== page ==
In Vietnamese Floating Villages, a Precarious Life

KOMPONG CHHNANG CITY – They live in floating houses along the river here because they have no legal right to own land. Some say their immigrant families have been here for generations, but they are all treated like outsiders.

For the thousand or so ethnic Vietnamese families who have lived and fished for years in the floating villages along this stretch of the Tonle Sap river in Kompong Chhnang, the insecurity of their lives here was made clear last week.

Veang Yang Tourng, left, sits with his family in his small floating home, a day after they were relocated last week.
Veang Yang Tourng, left, sits with his family in his small floating home, a day after they were relocated last week. (Jens Welding Ollgaard)

Evicted from moorings in the center of the provincial capital as part of a project to beautify the riverfront before the city hosts the River Festival in 2017, the villagers were told to float around the riverbend and out of sight.

Having lived mostly unmolested by authorities since they started settling here again after the Khmer Rouge’s fall in January 1979, the Vietnamese, who survive by breeding fish in cages under their homes, had no choice but to comply.

“We did not want to move. We cried and could not sleep because they separated our families,” said Le Thy Le, 58, who said she was born here under King Norodom Sihanouk’s reign in the 1960s.

“There’s nowhere for my children to dock here, as whoever moved first got all the good positions,” she said of the new location.

In a small floating home she estimated had cost her about $3,000, Ms. Le explained she had been sent back to Vietnam during the Khmer Rouge and again when Untac came in 1993 but had returned home both times.

“If we live in Cambodia, we have no land. If we live in Vietnam, we have no land. But I like it in Cambodia. Our ancestors lived and died here, and it’s usually easy. We can fish freely,” she said.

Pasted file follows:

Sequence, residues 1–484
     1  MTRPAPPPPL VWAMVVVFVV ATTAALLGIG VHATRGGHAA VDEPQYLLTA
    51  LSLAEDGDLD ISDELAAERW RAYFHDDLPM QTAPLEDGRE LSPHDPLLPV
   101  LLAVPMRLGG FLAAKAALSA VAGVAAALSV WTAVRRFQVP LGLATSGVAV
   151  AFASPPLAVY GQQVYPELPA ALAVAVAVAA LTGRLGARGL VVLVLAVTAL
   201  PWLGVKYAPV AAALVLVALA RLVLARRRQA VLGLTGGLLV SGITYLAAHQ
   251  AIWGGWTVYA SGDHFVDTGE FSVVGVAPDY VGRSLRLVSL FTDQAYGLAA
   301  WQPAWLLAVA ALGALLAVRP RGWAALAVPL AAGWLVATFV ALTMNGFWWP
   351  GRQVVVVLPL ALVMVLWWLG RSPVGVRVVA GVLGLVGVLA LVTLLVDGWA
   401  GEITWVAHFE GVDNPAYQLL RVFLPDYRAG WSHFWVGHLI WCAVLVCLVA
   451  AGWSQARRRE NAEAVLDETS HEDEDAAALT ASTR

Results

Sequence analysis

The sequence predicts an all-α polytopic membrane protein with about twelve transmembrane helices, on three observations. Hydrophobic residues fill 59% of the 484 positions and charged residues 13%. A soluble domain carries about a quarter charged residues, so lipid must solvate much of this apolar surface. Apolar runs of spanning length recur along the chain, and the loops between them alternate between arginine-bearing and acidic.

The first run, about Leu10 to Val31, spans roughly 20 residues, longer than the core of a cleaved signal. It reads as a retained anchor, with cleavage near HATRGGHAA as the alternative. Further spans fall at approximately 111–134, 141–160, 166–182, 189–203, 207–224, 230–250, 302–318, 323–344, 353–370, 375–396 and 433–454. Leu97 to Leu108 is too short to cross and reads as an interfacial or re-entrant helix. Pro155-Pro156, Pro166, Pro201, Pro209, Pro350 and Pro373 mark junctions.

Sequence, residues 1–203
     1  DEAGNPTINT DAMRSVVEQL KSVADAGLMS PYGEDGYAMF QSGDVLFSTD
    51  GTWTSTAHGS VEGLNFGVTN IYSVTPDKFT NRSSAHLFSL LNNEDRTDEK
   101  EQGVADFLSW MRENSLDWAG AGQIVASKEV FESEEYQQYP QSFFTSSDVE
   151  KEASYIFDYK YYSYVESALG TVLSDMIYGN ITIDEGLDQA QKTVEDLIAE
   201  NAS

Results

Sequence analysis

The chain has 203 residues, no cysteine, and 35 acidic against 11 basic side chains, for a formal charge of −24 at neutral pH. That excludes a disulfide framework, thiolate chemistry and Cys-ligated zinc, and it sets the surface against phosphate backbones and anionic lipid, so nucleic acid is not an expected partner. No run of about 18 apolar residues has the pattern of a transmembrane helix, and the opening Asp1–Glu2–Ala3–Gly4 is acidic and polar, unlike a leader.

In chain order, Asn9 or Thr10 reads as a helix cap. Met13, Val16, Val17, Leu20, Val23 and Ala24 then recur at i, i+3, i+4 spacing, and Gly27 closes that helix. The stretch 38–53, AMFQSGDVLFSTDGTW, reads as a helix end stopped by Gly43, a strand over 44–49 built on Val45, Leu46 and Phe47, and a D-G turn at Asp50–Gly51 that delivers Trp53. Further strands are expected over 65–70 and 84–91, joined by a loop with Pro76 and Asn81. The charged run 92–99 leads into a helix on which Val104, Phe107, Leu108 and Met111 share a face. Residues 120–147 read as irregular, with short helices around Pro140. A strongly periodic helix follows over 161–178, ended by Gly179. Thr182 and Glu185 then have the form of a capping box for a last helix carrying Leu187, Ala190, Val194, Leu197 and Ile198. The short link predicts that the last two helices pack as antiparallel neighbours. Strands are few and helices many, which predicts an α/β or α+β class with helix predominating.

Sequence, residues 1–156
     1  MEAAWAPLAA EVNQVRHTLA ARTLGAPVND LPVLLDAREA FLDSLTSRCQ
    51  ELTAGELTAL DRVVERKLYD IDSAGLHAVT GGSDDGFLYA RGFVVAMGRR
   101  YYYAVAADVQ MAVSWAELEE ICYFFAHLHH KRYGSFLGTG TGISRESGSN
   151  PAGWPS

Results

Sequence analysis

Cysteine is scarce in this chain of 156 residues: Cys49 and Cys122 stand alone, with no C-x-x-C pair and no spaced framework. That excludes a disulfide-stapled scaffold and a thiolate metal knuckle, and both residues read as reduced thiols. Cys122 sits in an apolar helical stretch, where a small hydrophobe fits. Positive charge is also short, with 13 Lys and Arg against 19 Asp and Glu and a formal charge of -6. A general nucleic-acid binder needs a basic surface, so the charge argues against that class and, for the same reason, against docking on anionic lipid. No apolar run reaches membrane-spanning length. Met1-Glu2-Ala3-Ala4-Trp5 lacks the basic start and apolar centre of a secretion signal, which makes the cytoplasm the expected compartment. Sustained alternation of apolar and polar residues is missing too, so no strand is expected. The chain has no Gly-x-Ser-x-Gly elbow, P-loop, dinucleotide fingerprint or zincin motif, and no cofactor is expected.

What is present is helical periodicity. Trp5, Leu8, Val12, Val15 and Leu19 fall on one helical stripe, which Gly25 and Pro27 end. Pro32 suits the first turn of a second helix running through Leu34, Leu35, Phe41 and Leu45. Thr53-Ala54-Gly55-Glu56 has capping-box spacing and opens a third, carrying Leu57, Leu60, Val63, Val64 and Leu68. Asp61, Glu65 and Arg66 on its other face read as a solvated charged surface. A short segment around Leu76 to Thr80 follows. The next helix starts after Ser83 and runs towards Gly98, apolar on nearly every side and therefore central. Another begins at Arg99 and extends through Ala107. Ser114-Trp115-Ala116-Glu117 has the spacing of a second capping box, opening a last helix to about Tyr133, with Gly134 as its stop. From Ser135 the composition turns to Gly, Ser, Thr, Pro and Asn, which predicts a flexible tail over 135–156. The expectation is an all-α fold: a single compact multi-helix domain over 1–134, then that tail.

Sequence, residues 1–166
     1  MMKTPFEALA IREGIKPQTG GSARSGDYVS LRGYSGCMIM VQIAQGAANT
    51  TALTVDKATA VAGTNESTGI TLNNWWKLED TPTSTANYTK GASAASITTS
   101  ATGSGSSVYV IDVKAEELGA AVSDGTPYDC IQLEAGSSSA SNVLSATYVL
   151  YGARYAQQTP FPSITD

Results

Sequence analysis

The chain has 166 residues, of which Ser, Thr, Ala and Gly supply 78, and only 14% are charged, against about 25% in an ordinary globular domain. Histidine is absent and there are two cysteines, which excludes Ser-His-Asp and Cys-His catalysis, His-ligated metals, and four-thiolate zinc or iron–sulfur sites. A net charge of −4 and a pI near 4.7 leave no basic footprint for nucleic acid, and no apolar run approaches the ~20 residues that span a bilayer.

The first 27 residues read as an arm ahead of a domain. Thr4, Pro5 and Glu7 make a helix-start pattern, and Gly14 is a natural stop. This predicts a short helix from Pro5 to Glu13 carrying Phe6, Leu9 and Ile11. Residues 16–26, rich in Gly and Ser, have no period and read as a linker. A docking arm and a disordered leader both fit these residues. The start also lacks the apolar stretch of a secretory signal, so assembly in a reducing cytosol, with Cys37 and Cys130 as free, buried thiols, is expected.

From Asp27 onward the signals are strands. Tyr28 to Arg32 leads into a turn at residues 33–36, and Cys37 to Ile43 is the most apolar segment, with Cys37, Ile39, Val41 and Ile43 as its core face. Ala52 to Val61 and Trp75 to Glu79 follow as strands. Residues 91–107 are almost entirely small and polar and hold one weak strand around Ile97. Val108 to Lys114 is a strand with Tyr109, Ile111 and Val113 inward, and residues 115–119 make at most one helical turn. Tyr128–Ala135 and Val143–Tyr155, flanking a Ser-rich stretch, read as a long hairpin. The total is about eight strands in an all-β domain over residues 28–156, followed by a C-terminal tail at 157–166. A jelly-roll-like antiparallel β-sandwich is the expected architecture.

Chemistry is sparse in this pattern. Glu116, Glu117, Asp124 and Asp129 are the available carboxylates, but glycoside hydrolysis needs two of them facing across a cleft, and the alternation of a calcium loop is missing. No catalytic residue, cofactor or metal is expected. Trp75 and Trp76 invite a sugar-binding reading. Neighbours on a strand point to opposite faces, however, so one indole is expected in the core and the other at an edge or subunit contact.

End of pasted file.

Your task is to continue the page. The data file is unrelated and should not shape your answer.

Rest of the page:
“I don’t know what the problem is now.”

Mr Heang peers out from one of the platforms that make up his community in the floating villages on the Tonle Sap river in Kompong Chhnang City last week.
Mr Heang peers out from one of the platforms that make up his community in the floating villages on the Tonle Sap river in Kompong Chhnang City last week. (Jens Welding Ollgaard)

Further up the river, a man who would give his name only as Mr. Heang for fear of reprisal by authorities, said many of the Vietnamese are concerned about their livelihoods in the new spot, but had no choice but to make the move.

“We’re not happy because the water is not deep enough here, and it is difficult to raise fish. The water is only 3 meters deep but it was 5 meters there. It may not even be possible to farm fish here,” said Mr. Heang, who is in his 60s.

“We have no right to buy land because we are Vietnamese and only have our residency documents. Even though my parents and grandparents also lived and died here, they consider us to be Vietnamese,” he said.

Despite being shunted to a poor location on the river, Mr. Heang said that few would consider uprooting and going to live in Vietnam—even if they would be able to buy land—due to their now long ancestral roots in Cambodia.

“I am not from Vietnam,” he said. “My parents were here during the Sihanouk regime. We have been here a long time.”

Mr. Heang’s 18-year-old son, Heang Chhay, said he studied in ninth grade with Cambodians—in a school on the land—and, apart from living in the floating villages, felt little discrimination.

“No, but some people call me ‘Yuon.’ I don’t care,” he said, speaking in English but using a Khmer word for Vietnamese often considered derogatory. “We are friends. I am Vietnamese, so you can call me ‘Yuon.’ It’s a bad word, but Cambodians use it. Only a few say ‘Vietnam.’”

Like his father, Mr. Chhay said he did not have citizenship, but would try to buy land one day.

“We can buy anything, but we need the money,” he said. “I will set up a store to sell flowers, like we do here now.”

A young man moors his floating house to a neighboring house last week after moving it down the river.
A young man moors his floating house to a neighboring house last week after moving it down the river. (Jens Welding Ollgaard)

As part of last week’s move, provincial authorities promised many of the ethnic Vietnamese villagers that they would scout out some land for them to live on within two years—in lieu of their preferred spot on the river.

Toth Kimsroy, coordinator for the Minority Rights Organization in Kompong Chhnang, said he believed the Vietnamese villagers would eventually be allowed to rent land as part of this solution.

“According to the law, they have no rights to buy land like Khmer people, but I saw the Kompong Chhnang provincial authorities make an exception for those people. They suggested they move onto land,” Mr. Kimsroy said.

“Some Vietnamese residents said that their Vietnamese Association already bought some land in the flooding areas near their new location [on the Tonle Sap] and they said that the association will rent that land to them.”